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Down the Drain: What Happens When You Flush

Toilet Paper

If you’ve ever attended a goldfish funeral or had a curious toddler drown a beloved figurine you’ve probably wondered (and possibly paid a hefty plumbing bill to find out) where does the toilet lead? Come with us on a tour of the modern sewage system.

Depending on where you live your WC might lead to a public sewer system or a septic tank. For those with public sewer systems your expulsions and toilet paper are flushed from the pipes in your house and out into larger underground pipes. Here all your waste and all your neighbors’ waste mingles with rainwater from storm drains, any evil clowns lurking in said storm drains, and enters even larger pipes en route to the wastewater treatment plant.

Once the sewage lands at the wastewater treatment plant it is screened for the unflushable objects such as tampons, “flushable” wipes (none of them are actually flushable), condoms, and diapers. These objects are taken to landfills or incinerators.

After this first screening, the remaining solid and liquid matter is churned into a brown sludgy liquid, which is sent to a grit chamber. Here any smaller solids (sand, rocks, wedding rings) will sink to the bottom and be moved to a landfill.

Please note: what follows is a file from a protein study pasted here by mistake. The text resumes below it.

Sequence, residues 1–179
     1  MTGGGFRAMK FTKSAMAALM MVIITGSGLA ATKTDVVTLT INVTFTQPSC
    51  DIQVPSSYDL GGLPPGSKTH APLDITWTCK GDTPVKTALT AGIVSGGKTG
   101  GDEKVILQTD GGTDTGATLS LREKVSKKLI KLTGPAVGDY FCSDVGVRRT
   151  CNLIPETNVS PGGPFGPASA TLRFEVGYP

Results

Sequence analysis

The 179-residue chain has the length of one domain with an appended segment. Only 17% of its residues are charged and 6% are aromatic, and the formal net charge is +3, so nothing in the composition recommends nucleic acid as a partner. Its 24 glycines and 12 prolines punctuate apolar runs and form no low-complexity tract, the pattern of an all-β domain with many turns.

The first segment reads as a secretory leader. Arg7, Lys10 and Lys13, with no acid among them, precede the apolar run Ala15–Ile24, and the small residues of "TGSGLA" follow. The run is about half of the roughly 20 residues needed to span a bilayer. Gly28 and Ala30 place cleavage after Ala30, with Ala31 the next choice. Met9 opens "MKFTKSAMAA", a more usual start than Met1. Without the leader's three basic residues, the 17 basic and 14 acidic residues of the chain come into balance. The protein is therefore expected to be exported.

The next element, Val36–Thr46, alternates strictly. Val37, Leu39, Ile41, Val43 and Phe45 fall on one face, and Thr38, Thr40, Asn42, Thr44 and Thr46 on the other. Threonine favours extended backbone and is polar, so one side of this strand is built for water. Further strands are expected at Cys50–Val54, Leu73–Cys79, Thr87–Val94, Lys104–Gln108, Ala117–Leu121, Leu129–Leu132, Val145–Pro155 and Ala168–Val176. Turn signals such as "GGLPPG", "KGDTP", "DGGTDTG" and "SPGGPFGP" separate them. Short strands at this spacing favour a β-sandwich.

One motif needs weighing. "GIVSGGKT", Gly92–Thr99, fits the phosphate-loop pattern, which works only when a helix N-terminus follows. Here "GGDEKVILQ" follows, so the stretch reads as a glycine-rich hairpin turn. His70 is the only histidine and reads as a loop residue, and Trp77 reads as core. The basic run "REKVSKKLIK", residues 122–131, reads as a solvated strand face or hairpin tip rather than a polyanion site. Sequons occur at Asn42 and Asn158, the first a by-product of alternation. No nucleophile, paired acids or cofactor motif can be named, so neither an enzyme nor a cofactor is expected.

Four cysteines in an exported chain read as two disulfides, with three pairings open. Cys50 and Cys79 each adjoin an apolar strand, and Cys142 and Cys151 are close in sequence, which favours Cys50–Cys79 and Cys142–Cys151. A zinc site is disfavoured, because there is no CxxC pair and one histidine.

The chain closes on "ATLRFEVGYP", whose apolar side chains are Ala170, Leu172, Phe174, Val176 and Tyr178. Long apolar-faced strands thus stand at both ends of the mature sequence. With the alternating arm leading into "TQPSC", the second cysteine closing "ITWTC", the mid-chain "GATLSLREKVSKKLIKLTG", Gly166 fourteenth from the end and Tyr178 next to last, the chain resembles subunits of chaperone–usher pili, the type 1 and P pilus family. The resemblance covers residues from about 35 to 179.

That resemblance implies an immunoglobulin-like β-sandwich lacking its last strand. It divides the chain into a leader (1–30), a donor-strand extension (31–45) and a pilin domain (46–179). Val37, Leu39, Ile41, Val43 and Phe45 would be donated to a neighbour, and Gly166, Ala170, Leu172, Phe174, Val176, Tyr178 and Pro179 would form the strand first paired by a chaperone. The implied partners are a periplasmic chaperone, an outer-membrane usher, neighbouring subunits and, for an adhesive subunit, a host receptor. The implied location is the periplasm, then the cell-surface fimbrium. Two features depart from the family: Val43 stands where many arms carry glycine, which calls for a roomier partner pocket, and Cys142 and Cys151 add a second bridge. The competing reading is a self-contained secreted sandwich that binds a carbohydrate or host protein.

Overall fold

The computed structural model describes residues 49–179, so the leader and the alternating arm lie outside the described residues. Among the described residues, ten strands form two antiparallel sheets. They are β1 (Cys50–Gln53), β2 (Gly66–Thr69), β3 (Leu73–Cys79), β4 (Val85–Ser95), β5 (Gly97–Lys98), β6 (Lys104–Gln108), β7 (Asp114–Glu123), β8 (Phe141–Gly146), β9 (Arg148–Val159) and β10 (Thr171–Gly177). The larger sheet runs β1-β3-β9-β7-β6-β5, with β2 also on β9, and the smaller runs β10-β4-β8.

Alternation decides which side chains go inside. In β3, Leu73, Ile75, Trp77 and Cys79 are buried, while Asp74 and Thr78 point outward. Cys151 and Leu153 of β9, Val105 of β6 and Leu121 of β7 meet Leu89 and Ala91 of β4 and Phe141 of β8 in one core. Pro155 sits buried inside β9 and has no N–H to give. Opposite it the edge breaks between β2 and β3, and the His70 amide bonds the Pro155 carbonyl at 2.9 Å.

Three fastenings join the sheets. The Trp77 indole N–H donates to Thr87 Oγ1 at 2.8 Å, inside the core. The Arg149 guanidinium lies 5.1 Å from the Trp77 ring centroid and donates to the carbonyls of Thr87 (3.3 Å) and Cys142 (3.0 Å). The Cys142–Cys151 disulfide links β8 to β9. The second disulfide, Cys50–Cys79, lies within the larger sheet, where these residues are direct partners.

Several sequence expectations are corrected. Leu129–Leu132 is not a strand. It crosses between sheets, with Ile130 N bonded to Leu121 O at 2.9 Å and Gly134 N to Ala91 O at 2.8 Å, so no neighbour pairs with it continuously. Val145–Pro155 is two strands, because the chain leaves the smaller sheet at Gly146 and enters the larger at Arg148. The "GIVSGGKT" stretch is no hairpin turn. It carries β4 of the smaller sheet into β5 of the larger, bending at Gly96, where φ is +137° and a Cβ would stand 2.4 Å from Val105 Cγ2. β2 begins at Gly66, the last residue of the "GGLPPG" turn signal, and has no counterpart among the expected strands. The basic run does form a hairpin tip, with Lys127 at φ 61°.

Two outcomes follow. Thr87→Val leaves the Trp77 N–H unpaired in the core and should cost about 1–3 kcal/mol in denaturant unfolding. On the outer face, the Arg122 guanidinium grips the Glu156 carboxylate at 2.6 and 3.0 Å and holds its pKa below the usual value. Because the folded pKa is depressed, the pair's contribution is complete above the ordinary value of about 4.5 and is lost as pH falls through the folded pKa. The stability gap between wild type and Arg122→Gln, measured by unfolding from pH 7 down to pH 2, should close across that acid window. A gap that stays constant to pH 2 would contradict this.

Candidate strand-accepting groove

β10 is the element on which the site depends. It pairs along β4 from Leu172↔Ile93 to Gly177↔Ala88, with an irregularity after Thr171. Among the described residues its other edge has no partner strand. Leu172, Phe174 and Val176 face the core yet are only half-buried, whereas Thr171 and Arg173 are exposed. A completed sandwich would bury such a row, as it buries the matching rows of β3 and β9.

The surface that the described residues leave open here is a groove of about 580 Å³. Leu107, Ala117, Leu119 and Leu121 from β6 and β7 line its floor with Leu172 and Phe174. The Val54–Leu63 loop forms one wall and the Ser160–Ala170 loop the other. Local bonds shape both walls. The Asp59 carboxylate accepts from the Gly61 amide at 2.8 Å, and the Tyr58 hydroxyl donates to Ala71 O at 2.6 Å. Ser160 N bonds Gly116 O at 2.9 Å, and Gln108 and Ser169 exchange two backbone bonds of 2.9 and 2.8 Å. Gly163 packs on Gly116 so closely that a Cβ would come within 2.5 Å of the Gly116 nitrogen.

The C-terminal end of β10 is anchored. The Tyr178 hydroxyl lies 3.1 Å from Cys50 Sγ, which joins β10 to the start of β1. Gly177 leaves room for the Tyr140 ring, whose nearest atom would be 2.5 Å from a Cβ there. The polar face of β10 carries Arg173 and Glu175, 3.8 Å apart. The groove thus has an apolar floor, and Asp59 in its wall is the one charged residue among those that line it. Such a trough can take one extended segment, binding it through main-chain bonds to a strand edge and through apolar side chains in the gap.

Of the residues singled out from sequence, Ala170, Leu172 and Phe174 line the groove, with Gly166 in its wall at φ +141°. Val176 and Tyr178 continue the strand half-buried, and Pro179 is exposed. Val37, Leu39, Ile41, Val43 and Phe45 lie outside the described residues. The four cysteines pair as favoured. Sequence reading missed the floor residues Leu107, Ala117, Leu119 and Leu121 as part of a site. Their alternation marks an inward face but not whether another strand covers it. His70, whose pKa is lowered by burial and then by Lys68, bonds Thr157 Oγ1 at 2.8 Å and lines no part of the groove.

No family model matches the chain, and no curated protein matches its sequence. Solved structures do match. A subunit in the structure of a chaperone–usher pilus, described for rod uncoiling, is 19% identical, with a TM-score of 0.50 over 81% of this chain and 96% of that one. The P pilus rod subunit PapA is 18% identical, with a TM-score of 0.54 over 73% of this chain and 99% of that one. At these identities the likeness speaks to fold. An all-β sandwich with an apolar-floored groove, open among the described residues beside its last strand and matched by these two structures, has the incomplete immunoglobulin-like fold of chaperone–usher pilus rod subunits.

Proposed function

Next, organic solids are skimmed out of the sludge and transported to a thickener system, and then a digester area where microbes and enzymes will break down the matter. Once sufficiently processed this former waste will be dried out and used for fertilizer.

Though this changes from system to system, generally the remaining liquids are placed where microbes and certain planktonic life can process the waste. Typically, the liquid is run through activated carbon and sand filters for one final filtration before being released back into the environment or even piped into irrigation systems in dry regions.

What About Toilet Paper?
In theory toilet paper should dissolve soon after being flushed and will be treated with other liquid waste. However, using too much toilet paper or toilet paper that is too thick can cause clogged pipes. While all toilet paper will decompose eventually, this process can still take several years for traditional toilet paper. Bamboo’s fibrous nature means it breaks down easily in water and decomposes quickly. Because bamboo is naturally antibacterial there are no added chemicals to filter out.

No.2 toilet paper is the choice for sewage systems everywhere! Made from sustainably sourced bamboo with no dyes, scents, or BPA it will keep your tushy and your local sanitation workers happy.

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